Fact vs Fantasy and the endless struggle of the rumor mill
This article may contain personal views and opinion from the author.
There are some of you out there who often come out and complain that our coverage is nothing more than an endless stream of incremental rumors, and that is true far more often than we’d prefer. Depending on the time of year, you could almost script the news yourself. If it is January we get to start off the year with the excitement of CES, but by February, we’re likely talking about what the new Samsung Galaxy S device will feature, and what to expect from the new HTC flagship. March and April focuses on what to expect at Google I/O. May looks at what to expect at Apple’s WWDC. June is for rumors about the new Nexus 7. July and August are filled with speculation (or more recently, accurate leaks) about the new iPhone, and Galaxy Note devices. September shifts to speculation on the newest Nexus and Nokia smartphones, and the next major iteration of Android.
Sure, there will be other devices that catch some buzz at different times, but in general that’s the way the news has panned out the last few years. This year, the interesting side stories were focused on the Moto X over the summer, then the recent sales of Nokia and BlackBerry. Of course, the rumors on each of those could be followed back quite a while, and that’s the real issue here: the rumor mill is what you all really want.
It’s all about potential
HTC One Max pictured with Verizon branding.) But, once the big news has hit, no one really cares anymore.
The big example from this year has been the Motorola Moto X. During the rumor phase, we worked hard and got quite a bit of info from an inside source. We kept the rumors grounded, and tried to not let the hype overpower the real picture that was forming. We reiterated multiple times that the device would not have cutting edge hardware (though many of you ignored that and kept up hope for a Snapdragon 800 or 1080p display), because Motorola would be focused on performance and the software and hardware customizations. Even so, every tiny rumor grabbed your attention like nothing else we could post. The speculation in the comment threads routinely had no bearing on the information contained in the actual articles.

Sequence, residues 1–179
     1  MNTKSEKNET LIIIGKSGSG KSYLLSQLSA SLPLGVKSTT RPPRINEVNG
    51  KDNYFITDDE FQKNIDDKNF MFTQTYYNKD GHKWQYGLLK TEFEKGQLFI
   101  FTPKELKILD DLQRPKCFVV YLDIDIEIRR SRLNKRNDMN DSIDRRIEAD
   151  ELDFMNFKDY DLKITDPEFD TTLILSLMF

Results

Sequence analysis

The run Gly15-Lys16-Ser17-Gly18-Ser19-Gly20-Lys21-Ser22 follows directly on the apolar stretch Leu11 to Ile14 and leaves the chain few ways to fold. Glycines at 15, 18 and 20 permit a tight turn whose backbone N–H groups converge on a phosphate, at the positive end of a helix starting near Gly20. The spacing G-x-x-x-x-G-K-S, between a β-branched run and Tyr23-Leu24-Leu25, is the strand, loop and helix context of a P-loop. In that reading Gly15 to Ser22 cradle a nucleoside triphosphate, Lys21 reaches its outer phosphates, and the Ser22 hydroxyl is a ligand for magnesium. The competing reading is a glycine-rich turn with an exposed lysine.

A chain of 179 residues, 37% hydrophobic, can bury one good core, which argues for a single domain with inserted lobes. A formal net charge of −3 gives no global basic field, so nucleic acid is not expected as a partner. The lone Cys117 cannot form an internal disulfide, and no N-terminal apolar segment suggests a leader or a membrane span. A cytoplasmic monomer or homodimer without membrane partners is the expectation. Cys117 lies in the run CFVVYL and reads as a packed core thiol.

Then, the official announcement happened, and despite the expectations set, there was a backlash against the device, and then most of you lost interest. By the time the device was actually released, it almost wasn’t worth posting the news about it, because so few of you cared to read about the story. The fantasy was ruined by reality, even though there was little reason to believe the fantasy in the first place.
Nexus 5 racks up huge page view numbers, but after the official announcement happens sometime in the next couple of weeks, all of the potential that has been built up will collapse into the mundane reality that the device will be a standard yearly upgrade. It may come through on rumors of a much improved camera, but after the Nokia Lumia 1020, it’s hard to get that excited. More likely, there will be some interesting features in Android 4.4 KitKat that will excite users, but even the software reality sees the same treatment, especially with Android where it can take such a long time for most users to see the improvements.